Living in California, I've experienced what happens even in moderate earthquakes when cellular networks get overloaded. Because of my job, I have WPS on my cell phone, as well as everyone on my staff. It helps, but only if the cellular network is there. Having worked around many cell sites, I'm not impressed with the way AT&T maintains their own network. Most work is contracted out, which puts the reliability of the people in question. Lack of backup generators is a big issue. Battery backup is often lacking, either undersized, poorly maintained. Reliance on carrier circuits that can fail due to AT&T's own failing cable plants is an issue we've experienced. Back in 2008, a local fiber was cut and we lost most cellular service in our county for a day.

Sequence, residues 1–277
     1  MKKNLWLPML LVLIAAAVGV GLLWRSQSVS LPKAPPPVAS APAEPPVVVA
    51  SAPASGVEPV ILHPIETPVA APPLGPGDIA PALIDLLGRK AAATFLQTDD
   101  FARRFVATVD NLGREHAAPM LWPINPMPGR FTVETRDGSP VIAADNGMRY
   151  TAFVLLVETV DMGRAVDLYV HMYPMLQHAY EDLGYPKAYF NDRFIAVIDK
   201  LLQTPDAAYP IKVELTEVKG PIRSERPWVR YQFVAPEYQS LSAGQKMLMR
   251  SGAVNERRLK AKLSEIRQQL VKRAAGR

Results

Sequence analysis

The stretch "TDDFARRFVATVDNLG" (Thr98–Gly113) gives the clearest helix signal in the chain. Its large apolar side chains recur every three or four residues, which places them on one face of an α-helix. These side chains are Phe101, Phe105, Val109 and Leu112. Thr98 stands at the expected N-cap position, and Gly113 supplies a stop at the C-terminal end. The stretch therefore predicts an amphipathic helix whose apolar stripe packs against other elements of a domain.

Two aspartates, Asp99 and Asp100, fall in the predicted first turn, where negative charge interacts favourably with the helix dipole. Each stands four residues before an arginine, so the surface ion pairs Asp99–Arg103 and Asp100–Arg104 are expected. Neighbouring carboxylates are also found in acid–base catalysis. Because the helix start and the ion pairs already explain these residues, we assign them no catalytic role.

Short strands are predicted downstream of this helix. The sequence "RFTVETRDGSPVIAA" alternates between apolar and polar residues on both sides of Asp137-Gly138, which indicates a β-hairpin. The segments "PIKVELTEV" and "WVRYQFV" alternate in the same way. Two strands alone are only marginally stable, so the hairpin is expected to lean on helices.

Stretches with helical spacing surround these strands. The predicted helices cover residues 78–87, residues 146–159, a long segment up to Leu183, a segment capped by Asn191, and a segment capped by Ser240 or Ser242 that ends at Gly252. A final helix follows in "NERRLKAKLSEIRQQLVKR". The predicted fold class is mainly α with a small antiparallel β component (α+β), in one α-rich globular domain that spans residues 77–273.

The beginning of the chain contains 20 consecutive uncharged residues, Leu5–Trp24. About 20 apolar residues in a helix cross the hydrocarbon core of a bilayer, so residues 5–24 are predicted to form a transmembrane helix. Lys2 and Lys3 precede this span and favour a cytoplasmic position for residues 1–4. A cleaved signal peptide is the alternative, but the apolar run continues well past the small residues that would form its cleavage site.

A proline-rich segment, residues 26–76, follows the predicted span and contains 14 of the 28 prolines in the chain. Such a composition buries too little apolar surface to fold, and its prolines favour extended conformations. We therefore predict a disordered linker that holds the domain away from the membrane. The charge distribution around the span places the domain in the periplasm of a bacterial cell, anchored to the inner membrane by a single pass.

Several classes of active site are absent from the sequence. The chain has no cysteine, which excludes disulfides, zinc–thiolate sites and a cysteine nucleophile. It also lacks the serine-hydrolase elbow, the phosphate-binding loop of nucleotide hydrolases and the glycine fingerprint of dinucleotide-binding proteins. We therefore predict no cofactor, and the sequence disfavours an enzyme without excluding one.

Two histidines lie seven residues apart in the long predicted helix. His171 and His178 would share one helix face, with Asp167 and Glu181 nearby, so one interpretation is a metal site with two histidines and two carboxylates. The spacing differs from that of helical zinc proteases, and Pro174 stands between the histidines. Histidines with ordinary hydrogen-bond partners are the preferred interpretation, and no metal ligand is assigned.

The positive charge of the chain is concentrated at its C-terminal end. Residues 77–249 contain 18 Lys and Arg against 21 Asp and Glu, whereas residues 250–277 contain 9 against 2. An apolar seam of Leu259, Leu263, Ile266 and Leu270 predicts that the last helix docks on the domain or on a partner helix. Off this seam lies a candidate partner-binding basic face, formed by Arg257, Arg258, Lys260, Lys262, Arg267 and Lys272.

I'd never rely on cellular systems, as they stand, for anything safety related.
That's likely one of the reasons you won't hear FirstNet call it a public safety two way radio replacement for a long time to come.

There is talk of "hardening" the sites, but I'll believe that when it happens.

Also, with in-building coverage, DAS systems, etc. reliable coverage will always be a question.

If FirstNet does succeed in making all this work, and they somehow get AT&T to harden their sites, then this should be a good system. It will never been failure proof, that will always be an issue with any system, either AT&T, FirstNet or local agency owned systems. Actually, most public safety agencies don't do a great job of maintaining their own radio systems. Often it's a break/fix thing. At least having two separate systems might be a good thing.